2009-02-26 / Features

MRSA Questions, Answer s

Methicillin-Resistant Staphylococcus Aureus (MRSA) in schools
From Centers For Disease Control and Prevention

What type of infections does MRSA cause?

• Most MRSA infections are skin infections that may appear as pustules or boils which often are red, swollen, painful, or have pus or other drainage. These skin infections commonly occur at sites of visible skin trauma, such as cuts and abrasions, and areas of the body covered by hair (e.g., back of neck, groin, buttock, armpit, beard area of men).

• Almost all MRSA skin infections can be effectively treated by drainage of pus with or without antibiotics. More serious infections, such as pneumonia, bloodstream infections, or bone infections, are very rare in healthy people who get MRSA skin infections.

How is MRSA transmitted?

• MRSA is usually transmitted by direct skin-to-skin contact or contact with shared items or surfaces that have come into contact with someone else's infection (e.g., towels, used bandages).

In what settings do MRSA skin infections occur?

• MRSA skin infections can occur anywhere.

• Some settings have factors that make it easier for MRSA to be transmitted. These factors, referred to as the 5 Cs, are as follows: crowding, frequent skin-toskin contact, compromised skin (i.e., cuts or abrasions), contaminated items and surfaces, and lack of cleanliness.

• Locations where the 5 Cs are common include schools, dormitories, military barracks, households, correctional facilities, and daycare centers.

How do I protect myself from getting MRSA?

• Practice good hygiene (e.g., keep hands clean by washing with soap and water or using an alcohol-based hand sanitizer and shower immediately after participating in exercise);

• Cover skin trauma such as abrasions or cuts with a clean dry bandage until healed;

• Avoid sharing personal items (e.g., towels, razors) that come into contact with bare skin; and use a barrier (e.g., clothing or a towel) between skin and shared equipment such as weight-training benches;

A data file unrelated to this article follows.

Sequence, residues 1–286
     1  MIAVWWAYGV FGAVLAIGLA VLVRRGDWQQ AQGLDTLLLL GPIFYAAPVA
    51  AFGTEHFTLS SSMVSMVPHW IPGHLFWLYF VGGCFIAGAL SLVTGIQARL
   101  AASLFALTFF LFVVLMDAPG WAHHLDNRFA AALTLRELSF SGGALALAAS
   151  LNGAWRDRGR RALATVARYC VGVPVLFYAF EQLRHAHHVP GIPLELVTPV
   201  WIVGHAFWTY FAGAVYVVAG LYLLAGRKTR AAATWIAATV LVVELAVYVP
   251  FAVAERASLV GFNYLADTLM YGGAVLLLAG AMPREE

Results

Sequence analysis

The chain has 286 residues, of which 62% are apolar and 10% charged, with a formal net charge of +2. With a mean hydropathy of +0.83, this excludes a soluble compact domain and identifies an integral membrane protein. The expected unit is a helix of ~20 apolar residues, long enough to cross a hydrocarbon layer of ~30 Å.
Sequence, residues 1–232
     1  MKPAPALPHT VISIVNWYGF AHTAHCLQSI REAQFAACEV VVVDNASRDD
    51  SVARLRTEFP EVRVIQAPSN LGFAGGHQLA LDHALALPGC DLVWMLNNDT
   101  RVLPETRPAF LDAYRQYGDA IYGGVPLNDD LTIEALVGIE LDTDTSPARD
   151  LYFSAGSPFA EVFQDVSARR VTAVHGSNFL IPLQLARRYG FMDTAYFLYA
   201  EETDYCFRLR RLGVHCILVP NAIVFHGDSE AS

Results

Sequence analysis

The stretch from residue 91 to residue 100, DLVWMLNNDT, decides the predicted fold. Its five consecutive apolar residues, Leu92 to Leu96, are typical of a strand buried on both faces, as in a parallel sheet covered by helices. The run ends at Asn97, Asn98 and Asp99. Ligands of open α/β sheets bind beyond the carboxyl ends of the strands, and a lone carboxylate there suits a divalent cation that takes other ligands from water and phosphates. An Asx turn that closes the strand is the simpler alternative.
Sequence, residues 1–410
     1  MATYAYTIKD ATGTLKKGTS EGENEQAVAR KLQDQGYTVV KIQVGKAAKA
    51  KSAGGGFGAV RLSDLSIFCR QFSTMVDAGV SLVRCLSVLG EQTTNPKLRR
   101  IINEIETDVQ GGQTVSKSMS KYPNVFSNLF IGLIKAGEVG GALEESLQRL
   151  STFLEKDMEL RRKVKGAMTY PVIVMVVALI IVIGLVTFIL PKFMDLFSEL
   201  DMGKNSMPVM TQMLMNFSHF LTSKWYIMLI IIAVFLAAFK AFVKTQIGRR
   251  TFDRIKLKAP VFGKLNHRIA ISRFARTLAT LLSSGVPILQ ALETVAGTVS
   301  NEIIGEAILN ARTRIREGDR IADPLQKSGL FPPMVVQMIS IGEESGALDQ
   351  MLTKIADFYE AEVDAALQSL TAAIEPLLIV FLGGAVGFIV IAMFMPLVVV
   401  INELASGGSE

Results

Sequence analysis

• Maintain a clean environment by establishing cleaning procedures for frequently touched surfaces and surfaces that come into direct contact with people's skin.

Should schools close because of an MRSA infection?

• The decision to close a school for any communicable disease should be made by school officials in consultation with local and/or state public health officials. However, in most cases, it is not necessary to close schools because of an MRSA infection in a student. It is important to note that MRSA transmission can be prevented by simple measures such as hand hygiene and covering infections.

Should the school be notified that my child has an MRSA infection?

• Consult the school about its policy for notification of skin infections.

Should students with MRSA skin infections be excluded from attending school?

• Unless directed by a physician, students with MRSA infections should not be excluded from attending school.

I have an MRSA skin infection. How do I prevent spreading it to others?

• Cover the wound. Keep wounds that are draining or have pus covered with clean, dry bandages until healed. Follow healthcare provider's instructions on proper care of the wound. Pus from infected wounds can contain staph, including MRSA, so keeping the infection covered will help prevent the spread to others. Bandages and tape can be discarded with the regular trash.

• Clean hands frequently. Anyone in close contact should wash their hands frequently with soap and water or use an alcoholbased hand sanitizer, especially after changing the bandage or touching the infected wound.

• Do not share personal items such as towels, washcloths, razors, clothing, or uniforms, that may have had contact with the infected wound or bandage.

Return to top